Apple Music, which was released just a few weeks ago, landed to much fanfare from tech journalists.
One prominent Apple blogger, Jim Dalrymple, praised the service saying “I’m damned impressed.”
Now, Dalrymple gone back on that excitement in a new post trashing the service and labeling it “a nightmare.” A few weeks after launch, critics are starting to agree that Apple Music is a little rough around the edges and needs more work.
Here’s the thing: Apple needs to separate its apps — or at least some of them — from requiring entire iOS updates as soon as it can.
It’s a crazy backwards policy to require entire point releases, like iOS 8.4 for Apple Music’s release, for adding or updating individual apps.
Such a system slows down progress from Apple until major changes are available, leaving users in the lurch for weeks or months longer than necessary for fairly trivial fixes.
App developers, like Medium and Slack, are able to throw bug fixes and quick tweaks out the door as soon as they have them. Users automatically get the latest, without even knowing it in many cases.
Apple, on the other hand, doesn’t have that kind of flexibility to service its bundled apps.
Imagine Apple Music had a critical bug that locked up your entire phone every time it’s launched.
To get that fixed, Apple needs to roll out an OTA update for your entire phone, which requires a restart and a lot of waiting. It’s ridiculous and inexplicable that it’s still this way in 2015.
Users are already hesitant to upgrade to the latest iOS release, as we saw with the adoption rate of iOS 8, so getting Music fixed in that situation is a mare.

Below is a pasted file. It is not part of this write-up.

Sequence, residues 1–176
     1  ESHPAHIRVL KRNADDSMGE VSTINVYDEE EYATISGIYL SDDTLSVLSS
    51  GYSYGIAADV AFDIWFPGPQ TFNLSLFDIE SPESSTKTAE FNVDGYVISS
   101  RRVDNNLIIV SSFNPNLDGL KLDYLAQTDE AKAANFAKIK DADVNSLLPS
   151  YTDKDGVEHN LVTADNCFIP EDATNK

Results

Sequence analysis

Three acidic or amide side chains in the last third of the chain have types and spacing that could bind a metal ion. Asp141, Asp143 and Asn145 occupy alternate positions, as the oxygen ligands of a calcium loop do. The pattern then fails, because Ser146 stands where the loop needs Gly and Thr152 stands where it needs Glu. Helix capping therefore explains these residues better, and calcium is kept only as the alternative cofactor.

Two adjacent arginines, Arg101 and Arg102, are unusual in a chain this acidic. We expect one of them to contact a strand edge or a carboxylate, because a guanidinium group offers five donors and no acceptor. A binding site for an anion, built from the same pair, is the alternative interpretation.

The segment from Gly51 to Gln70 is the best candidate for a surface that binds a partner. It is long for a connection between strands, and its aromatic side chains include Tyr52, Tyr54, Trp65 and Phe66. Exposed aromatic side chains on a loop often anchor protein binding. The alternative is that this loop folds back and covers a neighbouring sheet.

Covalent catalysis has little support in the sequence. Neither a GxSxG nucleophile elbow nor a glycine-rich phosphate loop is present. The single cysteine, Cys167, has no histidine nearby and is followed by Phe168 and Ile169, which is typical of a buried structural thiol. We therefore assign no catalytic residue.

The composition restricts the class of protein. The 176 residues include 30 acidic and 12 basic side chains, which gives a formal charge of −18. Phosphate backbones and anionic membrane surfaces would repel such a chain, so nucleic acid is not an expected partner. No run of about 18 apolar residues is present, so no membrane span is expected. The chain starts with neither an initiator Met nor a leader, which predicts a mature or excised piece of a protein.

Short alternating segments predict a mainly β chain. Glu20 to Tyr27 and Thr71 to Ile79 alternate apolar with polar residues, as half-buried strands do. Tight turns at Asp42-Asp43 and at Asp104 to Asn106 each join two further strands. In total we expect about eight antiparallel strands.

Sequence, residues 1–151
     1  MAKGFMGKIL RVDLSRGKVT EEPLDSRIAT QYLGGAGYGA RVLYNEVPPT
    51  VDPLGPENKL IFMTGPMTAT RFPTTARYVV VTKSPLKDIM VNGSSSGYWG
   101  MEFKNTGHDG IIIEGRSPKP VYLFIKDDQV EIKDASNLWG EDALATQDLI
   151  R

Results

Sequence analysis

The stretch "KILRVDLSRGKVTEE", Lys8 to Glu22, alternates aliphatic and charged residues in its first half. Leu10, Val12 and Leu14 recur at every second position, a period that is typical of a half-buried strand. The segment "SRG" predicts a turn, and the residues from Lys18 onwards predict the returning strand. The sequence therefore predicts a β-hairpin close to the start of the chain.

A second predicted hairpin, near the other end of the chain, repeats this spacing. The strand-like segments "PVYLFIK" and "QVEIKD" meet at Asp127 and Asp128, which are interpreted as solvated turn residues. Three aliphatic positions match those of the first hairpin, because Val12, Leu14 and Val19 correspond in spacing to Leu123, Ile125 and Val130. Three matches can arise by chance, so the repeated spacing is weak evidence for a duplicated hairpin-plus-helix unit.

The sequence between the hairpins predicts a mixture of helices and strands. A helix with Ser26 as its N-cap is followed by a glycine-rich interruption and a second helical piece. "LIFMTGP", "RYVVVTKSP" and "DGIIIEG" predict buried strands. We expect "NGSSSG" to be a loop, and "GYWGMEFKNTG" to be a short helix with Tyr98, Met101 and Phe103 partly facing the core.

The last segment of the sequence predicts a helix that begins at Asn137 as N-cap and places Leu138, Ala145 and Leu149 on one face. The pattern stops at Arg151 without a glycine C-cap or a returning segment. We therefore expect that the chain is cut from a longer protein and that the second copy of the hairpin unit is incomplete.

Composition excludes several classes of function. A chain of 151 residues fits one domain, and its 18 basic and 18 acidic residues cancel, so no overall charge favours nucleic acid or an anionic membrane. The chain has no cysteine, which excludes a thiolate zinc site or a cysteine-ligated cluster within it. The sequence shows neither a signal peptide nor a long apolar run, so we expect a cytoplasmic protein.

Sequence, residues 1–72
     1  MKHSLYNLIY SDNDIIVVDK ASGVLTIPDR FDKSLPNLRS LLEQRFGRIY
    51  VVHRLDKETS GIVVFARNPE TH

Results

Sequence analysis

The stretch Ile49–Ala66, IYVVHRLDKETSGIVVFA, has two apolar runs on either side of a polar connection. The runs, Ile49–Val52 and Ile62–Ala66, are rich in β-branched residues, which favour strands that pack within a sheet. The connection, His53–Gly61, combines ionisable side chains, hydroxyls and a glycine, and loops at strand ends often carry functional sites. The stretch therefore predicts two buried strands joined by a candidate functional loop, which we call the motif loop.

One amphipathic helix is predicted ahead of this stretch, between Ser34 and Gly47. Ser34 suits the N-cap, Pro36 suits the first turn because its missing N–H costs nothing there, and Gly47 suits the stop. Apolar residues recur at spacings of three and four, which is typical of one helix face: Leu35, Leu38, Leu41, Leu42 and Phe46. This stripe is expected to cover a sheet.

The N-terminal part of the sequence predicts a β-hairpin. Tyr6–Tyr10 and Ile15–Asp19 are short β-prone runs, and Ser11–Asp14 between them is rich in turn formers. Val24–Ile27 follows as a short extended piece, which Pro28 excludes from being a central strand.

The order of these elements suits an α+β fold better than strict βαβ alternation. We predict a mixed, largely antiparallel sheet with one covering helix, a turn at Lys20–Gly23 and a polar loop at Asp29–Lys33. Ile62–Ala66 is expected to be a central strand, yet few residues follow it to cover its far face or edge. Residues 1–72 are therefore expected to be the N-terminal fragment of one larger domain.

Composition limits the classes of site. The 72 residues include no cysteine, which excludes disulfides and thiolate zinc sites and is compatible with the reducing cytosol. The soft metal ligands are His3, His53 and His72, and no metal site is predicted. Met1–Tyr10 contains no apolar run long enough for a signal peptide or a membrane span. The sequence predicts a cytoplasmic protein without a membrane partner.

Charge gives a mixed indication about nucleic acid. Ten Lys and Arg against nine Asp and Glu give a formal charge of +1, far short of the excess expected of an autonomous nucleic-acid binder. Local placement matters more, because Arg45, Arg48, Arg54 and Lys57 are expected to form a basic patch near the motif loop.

Here’s another example: iOS 9 brings public transport directions to Maps, but you won’t get that until the Fall. Why couldn’t that just be pushed out as an App Store update so the world can get it sooner?
Bundled apps need to update just like those distributed via the App Store. The current system is restricting the rate of progress and creating frustrating situations, like the one that’s developed with Music.
To fix any of the individual issues Dalrymple lays out in his post, Apple would need to make an entire point release, like iOS 8.4.1, even just for something minor.
If the app stood on its own the company could issue fixes and iterate on Music as patches become available, without disrupting users .9 to 5 Mac recently proposed an interesting way that Apple could improve the situation by utilizing the App Store.
Meanwhile, Google has been ripping out the core Android apps and making them individually serviceable for years. After a lot of work to separate the apps it can now freely update the keyboard, messaging app or even the phone dialer without a major release.
Apple is seen to be moving too slowly with development of important bundled apps, like Maps, Podcasts and Music, because it simply can’t push entire system updates for such small content frequently without upsetting users.
App developers have the tools to rapidly iterate their creations, but Apple is suffocating its own products back by not ripping those apps out from the core of iOS and iterating faster.